Monday, February 25, 2013


Here is visual proof that patience is rewarded. When we visited Las Vegas, my son, Bron, sat on a bench for a long time, coaxing what we call "parking lot birds" with tidbits of cookies. (We call them parking lot birds because we notice them mostly in parking lots, hopping under cars and around cart return stations, pecking up the goodies that small travelers drop through the cart wire.)  I don't think Bron moved a single thing except his arm and his eyelids while he waited for what he wanted to have happen, and happen it did.
I saw an inspirational cartoon recently that showed a side view of two men tunneling through the ground toward a diamond mine. One man was only an inch away from the diamonds, but had turned away and was heading back down his tunnel, while the other man was still digging with energy and enthusiasm.
Guess which one got the diamonds?
What is your diamond? Are you still going for it?  

Monday, February 18, 2013

Round is a Shape

(This is funny because the snowman got cut in half... evidently he is too round to fit in the picture!)
Something funny about me is that because I'm so tall, there were times when I felt like a big gorilla in high school. (I'm just half an inch shy of six feet, but I generally wear my hair up or at least have puffy bangs, so considering the hair, I'm usually good to go for over six feet tall.) Now when I look back at pictures from my "I'm so big" era, I'm actually quite slender. My gorilla-ness was all in my mind.
Now that I'm wiser, I realize that when I spend some time exercising (swimming last night... lovely!) and when I eat good food, I feel just fine, no matter what the scale says.
Guess how this applies to writing? It's because this type of progression and change in thinking is essential for good characters in your stories. They can't be the same gorillas they thought they were at the beginning. By the end of the book, they need to realize they can be round snowmen and still melt happily ever after.
What have you learned to love... or at least accept... about yourself?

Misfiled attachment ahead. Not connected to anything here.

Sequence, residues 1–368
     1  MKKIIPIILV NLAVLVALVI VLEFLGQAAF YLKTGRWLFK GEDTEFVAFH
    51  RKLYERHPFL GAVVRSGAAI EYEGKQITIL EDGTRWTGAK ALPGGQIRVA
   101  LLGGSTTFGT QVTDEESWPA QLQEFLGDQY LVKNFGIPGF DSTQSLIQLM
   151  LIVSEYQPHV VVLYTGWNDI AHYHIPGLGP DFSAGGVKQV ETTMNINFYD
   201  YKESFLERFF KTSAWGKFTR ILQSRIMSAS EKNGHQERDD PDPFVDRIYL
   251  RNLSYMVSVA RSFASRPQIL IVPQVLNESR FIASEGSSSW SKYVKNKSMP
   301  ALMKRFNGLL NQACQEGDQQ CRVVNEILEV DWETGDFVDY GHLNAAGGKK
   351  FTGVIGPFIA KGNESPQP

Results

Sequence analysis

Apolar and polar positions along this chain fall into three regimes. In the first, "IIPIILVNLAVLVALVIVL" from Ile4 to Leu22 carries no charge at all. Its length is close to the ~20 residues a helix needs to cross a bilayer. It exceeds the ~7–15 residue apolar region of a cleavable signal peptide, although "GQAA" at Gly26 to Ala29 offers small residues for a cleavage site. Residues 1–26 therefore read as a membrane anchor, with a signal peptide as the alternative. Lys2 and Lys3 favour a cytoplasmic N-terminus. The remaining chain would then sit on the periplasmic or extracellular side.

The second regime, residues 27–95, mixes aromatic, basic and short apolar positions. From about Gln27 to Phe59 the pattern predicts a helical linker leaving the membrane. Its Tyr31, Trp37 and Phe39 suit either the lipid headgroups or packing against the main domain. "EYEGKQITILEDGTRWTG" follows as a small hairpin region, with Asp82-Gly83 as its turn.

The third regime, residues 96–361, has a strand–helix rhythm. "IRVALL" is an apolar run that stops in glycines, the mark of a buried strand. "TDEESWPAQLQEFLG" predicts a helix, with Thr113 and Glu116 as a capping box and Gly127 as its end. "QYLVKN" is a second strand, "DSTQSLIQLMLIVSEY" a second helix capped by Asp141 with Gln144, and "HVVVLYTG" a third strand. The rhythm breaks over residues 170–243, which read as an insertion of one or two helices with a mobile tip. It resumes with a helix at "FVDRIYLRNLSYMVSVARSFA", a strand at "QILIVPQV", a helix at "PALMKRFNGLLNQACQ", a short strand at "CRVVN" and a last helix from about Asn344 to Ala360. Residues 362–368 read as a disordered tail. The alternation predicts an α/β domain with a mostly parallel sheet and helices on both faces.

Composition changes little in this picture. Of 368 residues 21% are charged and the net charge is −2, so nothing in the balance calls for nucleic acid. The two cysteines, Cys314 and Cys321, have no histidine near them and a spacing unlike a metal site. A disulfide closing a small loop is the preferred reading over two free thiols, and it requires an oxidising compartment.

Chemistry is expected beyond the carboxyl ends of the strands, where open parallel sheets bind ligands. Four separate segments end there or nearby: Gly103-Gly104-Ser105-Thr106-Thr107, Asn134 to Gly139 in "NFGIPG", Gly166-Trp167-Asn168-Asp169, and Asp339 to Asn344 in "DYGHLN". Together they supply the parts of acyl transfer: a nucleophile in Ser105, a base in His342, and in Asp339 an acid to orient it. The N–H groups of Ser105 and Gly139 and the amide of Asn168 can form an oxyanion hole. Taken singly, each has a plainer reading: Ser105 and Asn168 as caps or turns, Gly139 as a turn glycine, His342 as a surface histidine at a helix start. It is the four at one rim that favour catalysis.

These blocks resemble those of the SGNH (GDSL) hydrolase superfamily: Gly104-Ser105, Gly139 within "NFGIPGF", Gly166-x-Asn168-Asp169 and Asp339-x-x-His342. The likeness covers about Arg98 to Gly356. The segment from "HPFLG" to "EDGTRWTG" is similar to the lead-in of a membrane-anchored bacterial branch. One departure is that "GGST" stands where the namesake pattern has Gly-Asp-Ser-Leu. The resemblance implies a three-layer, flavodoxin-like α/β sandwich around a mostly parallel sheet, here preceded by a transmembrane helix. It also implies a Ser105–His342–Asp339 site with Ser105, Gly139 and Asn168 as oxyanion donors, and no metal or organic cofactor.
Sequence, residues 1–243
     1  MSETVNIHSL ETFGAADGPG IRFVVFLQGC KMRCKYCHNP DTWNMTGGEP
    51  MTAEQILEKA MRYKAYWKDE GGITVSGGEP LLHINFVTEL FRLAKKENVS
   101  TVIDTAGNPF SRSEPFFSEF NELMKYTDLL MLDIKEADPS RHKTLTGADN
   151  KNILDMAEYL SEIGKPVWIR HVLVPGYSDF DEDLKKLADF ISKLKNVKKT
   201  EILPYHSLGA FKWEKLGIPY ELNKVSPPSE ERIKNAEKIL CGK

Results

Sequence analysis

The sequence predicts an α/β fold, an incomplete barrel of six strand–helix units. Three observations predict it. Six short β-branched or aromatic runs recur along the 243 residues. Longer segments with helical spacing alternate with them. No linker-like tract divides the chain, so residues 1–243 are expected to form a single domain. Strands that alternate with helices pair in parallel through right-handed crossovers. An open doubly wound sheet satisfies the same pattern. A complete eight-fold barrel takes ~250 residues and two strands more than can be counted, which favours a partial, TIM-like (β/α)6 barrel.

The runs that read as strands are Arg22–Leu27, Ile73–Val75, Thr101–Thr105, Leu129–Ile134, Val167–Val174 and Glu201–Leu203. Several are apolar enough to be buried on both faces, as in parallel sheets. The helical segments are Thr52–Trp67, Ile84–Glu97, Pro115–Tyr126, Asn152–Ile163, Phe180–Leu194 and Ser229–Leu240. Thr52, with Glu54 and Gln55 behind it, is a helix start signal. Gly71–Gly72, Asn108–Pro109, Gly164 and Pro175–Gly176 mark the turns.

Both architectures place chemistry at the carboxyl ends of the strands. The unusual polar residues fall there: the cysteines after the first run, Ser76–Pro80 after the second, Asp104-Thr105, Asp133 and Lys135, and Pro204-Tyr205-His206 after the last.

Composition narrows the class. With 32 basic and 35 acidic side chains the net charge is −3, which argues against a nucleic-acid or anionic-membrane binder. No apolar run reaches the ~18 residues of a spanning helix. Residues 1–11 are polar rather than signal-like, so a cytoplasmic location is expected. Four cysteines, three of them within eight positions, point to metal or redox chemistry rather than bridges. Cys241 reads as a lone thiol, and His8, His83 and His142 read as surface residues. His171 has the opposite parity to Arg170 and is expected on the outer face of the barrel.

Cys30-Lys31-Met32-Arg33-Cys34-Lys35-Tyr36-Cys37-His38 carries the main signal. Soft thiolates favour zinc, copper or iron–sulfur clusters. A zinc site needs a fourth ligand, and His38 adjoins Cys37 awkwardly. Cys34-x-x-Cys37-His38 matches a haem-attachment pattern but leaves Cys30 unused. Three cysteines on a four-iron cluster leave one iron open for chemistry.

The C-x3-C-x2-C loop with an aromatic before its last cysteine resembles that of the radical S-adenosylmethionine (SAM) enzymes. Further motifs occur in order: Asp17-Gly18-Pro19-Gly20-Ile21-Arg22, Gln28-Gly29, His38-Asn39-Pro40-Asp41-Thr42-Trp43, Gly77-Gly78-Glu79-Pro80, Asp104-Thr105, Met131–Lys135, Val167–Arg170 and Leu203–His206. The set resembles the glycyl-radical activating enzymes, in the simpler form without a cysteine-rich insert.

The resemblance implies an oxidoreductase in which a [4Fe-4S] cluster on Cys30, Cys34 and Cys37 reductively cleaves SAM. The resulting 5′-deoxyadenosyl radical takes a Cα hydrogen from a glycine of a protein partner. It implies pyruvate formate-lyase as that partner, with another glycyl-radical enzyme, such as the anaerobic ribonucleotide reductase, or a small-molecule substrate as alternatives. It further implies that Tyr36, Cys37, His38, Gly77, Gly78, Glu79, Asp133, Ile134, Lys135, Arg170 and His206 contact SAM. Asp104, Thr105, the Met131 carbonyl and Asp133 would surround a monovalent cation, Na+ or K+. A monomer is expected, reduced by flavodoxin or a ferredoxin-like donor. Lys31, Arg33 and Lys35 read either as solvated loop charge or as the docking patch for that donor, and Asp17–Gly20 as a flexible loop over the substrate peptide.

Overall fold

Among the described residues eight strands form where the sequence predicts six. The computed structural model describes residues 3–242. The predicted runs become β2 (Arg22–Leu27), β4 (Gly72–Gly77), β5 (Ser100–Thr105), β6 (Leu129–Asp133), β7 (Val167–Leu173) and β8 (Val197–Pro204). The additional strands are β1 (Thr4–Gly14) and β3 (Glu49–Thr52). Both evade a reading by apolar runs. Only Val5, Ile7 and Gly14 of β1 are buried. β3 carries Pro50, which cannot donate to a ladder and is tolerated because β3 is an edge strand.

Monday, February 11, 2013

Loving People You Don't Even Know

When my 5-year-old niece asked how long we were going to stay at her house (she likes to play with her cousin Monkey) I told her we had to leave to visit Grandpa Bahlmann. "Who's Grandpa Bahlmann?" she asked. I explained that he was Monkey's grandpa, and he was in the hospital, so we were going to go see him. My niece's face fell. Looking up at me with concern in her round blue eyes, she asked, "Do you think he'd like a heart?"
"I think he'd love a heart," I replied.
So she got busy with her markers and scissors and made a grandpa that she didn't even know two hearts in the hope that they would make him feel better.
My niece's selfless action was quite touching. I would expect most 5-year-olds to just shrug off an unknown grandpa. But this little girl put her energy into sharing love. When we left, she said, "I hope Grandpa Bahlmann gets better."
When we passed along the hearts to Grandpa, he laughed with delight. We left them on his hospital bedside stand where he could look at them any time he wanted to.
This type of unexpected warm, fuzzy behavior is a good element to include with characters in a story. It helps readers relate to them and care more about them.
It's even better to include this element in real life. What plans do you have to show love this Valentine's Day?

Monday, February 4, 2013

What's the Point?

When my son watched me put on my socks before pushing my feet into shoes for a foray out in the frozen tundra, he asked me a good question. "Mom, what's the point of painting your toenails if you just cover them up with socks and shoes?"
I didn't know what to say. I can only guess that it's a gut reaction from summertime. I even wore flip flops into the fall, as long as I could get away with it, even though Bob says I don't have the toes for toenail polish. He says they look like lollipops on the ends of my feet. (They are kind of weird, since I had to put an elastic around them to make them stick close enough together to all fit in the picture.)
But lollipops are happy things-sweet and colorful. If I have funny toes, then they match the rest of me.
Unique features are an integral part of writing believable characters in stories. Which of your features reaches less-than-Greek perfection, and what do you like about it?